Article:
In 2007, Lynette Power designed and sculpted the dramatic model of a heron that was seven feet tall. Her smaller renditions of herons were studies for the larger version River Spirit. This sculpture was the prototype for a very successful fundraising event sponsored by the city of Winona, MN, and its local businesses. The Blue Heron Project raised $44,000 dollars for the Cities Fine Arts Commission. Fifteen of the great birds were cast in resin for local artists to paint. They were displayed throughout Winona for the summer and auctioned off in the fall.
Pictured is one of the sculptures in front of the Blue Heron Coffeehouse at 162 W. 2nd Street.
The Fine Arts Commission and the City Planning Department celebrates local creatives by placing their words step by step within our sidewalks alongside our local and regional laureate poets, creating a democracy of verse. The Winona Poetry Walk project consists of original poetry stamped into the sidewalk throughout downtown.
Located downtown on Third, Fourth, and Fifth Streets between Main Street and Lafayette Street.
Winona Creative Laureate, Sarah Johnson, in partnership with the Fine Arts Commission (and sponsored by the Winona Foundation) has begun a project of original murals, that celebrate the creation of vibrant and welcoming spaces.
Designed by local sign makers MyType and commissioned by WINONArts as their first piece of public art, the WINONA letters (which also have an ARTS addition) are a popular stop for all visitors and community members for photos with iconic Sugar Loaf in the background.
This is a project that spanned four years and was a collaboration between The River Arts Alliance, Hiawatha Broadband Communications, South East Minnesota Arts Council, and the City of Winona. Julia Crozier was the coordinator for the project and led the mural aspects. She organized annual public participation for painting the backgrounds for the murals, painting 5-9 murals per year. She designed and painted the black lined aspect of the murals to tell the story of communication throughout history. This project is now part of the HBC fence and the nearby newly renovated Winona Levee Park.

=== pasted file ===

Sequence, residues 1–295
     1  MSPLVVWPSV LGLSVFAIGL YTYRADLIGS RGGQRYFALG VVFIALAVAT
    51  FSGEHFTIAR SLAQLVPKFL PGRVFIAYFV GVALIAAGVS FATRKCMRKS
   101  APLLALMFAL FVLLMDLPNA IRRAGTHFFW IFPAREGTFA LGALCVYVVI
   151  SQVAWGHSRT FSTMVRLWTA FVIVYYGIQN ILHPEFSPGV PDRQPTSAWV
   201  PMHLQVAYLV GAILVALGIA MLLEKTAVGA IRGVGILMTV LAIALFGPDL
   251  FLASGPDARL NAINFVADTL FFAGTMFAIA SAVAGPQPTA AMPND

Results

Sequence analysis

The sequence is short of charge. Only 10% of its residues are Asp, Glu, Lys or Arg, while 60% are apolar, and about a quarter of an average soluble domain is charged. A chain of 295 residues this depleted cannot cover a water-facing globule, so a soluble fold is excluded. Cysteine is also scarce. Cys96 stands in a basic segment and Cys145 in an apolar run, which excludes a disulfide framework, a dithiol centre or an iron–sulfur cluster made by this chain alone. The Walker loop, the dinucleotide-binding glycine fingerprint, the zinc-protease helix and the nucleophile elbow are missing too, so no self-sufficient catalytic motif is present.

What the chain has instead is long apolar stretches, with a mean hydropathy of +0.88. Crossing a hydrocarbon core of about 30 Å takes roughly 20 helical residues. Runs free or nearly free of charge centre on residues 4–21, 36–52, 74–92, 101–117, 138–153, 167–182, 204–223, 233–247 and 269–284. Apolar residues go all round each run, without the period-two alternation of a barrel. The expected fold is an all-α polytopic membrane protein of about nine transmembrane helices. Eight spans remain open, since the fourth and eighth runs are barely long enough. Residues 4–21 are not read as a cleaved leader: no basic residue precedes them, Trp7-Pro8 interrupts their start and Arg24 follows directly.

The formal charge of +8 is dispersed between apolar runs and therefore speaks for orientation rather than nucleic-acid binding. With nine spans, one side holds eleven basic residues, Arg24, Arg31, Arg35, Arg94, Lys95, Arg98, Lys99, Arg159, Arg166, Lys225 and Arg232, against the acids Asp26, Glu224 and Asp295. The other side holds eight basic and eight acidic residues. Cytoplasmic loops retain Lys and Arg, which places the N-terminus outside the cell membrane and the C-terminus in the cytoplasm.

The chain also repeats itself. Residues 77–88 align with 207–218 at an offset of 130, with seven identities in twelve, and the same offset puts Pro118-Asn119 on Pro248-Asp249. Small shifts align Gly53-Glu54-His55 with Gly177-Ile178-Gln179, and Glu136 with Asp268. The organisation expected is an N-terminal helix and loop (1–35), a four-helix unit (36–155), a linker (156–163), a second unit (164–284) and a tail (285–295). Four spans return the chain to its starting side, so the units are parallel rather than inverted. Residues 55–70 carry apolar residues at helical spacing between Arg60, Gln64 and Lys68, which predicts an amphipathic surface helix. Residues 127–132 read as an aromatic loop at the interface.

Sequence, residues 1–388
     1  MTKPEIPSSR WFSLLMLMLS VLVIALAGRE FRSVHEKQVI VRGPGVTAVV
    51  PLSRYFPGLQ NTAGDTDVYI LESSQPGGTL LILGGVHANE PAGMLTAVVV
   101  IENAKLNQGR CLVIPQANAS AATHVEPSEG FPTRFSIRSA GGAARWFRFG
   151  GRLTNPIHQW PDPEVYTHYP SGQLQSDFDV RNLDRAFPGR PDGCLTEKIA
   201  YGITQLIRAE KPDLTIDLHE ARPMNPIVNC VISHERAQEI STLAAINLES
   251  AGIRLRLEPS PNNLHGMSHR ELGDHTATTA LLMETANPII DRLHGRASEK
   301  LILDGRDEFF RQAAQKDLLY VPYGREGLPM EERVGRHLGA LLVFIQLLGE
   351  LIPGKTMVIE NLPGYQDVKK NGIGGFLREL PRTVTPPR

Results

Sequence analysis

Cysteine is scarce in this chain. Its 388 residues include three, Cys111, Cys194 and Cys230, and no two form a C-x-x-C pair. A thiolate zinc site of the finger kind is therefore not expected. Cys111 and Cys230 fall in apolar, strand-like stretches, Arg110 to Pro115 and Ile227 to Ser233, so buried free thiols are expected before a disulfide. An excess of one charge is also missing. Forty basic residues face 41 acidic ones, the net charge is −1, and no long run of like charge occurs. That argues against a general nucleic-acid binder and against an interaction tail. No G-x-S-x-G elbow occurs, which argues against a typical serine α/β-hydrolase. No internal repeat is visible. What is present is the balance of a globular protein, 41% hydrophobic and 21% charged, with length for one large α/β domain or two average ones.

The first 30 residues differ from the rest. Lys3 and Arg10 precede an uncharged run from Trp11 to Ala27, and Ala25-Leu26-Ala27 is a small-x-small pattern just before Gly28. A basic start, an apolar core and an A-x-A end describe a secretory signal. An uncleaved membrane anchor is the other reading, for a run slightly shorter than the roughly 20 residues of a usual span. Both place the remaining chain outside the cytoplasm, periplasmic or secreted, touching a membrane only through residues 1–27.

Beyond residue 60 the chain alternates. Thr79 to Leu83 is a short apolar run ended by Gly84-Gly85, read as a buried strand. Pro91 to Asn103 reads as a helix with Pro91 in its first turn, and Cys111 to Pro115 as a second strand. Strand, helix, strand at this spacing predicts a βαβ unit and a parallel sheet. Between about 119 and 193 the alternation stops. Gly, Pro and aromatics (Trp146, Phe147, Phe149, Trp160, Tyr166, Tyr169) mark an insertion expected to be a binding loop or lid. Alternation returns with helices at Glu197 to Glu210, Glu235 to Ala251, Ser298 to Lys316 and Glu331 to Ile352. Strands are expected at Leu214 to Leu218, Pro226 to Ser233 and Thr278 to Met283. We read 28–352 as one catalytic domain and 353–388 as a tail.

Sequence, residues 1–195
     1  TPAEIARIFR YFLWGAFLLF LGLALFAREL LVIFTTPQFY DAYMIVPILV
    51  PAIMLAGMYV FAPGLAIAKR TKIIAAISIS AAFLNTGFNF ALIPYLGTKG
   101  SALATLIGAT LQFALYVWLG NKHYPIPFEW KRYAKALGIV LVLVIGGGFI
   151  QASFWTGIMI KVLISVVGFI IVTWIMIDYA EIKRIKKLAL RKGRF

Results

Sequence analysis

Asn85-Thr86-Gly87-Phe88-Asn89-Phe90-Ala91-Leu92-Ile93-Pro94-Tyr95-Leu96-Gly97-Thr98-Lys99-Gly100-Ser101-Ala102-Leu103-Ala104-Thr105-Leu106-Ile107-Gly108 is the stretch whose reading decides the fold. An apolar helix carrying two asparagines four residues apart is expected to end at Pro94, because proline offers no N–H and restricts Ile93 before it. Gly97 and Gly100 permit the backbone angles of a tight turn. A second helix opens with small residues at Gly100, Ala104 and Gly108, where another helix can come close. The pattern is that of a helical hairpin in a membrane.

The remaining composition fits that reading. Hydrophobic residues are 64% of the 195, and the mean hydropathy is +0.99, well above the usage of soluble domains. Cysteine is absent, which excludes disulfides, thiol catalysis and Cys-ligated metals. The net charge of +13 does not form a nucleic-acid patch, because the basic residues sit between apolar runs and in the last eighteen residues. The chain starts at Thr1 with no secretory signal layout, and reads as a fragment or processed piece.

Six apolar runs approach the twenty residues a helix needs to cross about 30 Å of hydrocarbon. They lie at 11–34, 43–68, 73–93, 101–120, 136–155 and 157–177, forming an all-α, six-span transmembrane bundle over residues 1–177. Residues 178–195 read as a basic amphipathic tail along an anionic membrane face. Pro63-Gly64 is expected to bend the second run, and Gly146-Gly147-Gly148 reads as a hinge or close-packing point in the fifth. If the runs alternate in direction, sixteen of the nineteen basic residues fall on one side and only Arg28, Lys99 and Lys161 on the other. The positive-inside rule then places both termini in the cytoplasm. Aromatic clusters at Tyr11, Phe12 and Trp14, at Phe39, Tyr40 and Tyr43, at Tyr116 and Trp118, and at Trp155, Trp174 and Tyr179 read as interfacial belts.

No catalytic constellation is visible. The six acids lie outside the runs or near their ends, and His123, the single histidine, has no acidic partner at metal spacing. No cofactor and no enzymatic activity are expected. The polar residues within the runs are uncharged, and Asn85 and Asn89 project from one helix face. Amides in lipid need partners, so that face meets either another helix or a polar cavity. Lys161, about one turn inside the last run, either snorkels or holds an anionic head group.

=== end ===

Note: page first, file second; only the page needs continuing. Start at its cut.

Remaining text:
The scenic stage drops were designed by Sosman and Landis of Chicago in 1909, procured by M.C. Lilley and Company of Columbus, Ohio, and installed under the direction of Lilley’s western representative, Bestor G. Brown of Wichita, Kansas. Originally when grouped in various combinations, the individually numbered drops created 59 stage scenes and there were 99 individual pieces. In 2019, 13 of the drops were lovingly restored by community donations and with funds from the City. The remainder of the collection now resides in Des Moines with their Masonic Chapter.
Winona was dubbed the stained glass capitals of the United States and has a long history of beautiful works of art in its houses of faith, homes, and businesses with many notable works still existing and worth visiting. For a wonderful stained glass walking tour go to Visit Winona’s Stained Glass Tour information site. Winona still has a number of working stained glass studios.
Willet Hauser Art Glass Co., Inc., with studios in Winona and Philadelphia, is the largest stained glass enterprise in the United States. Willet Hauser partnered with the City to design and then made a generous gift of the panels in the archway at Levee Park.
Cathedral Crafts Inc. artisans take great pride in restoring stained glass windows designed by Louis Comfort Tiffany, John La Farge, Frank Lloyd Wright, and Munich-Meyer Studio.
The Reinarts Studio, in business for over 50 years, has made many noted windows including those at the Vatican Chapel in Jerusalem.
The following are just a few examples of this important art form in Winona.
Levee Park Stained Glass
Designed and donated by renowned local firm Willet Hauser Architectural Studios in 2019 as a gift to the city for the new archway anchoring the entrance to Levee Park. There are four panels- two reflecting the view of the river and flora and fauna to be found there, and two depicting the bluffs and theirs.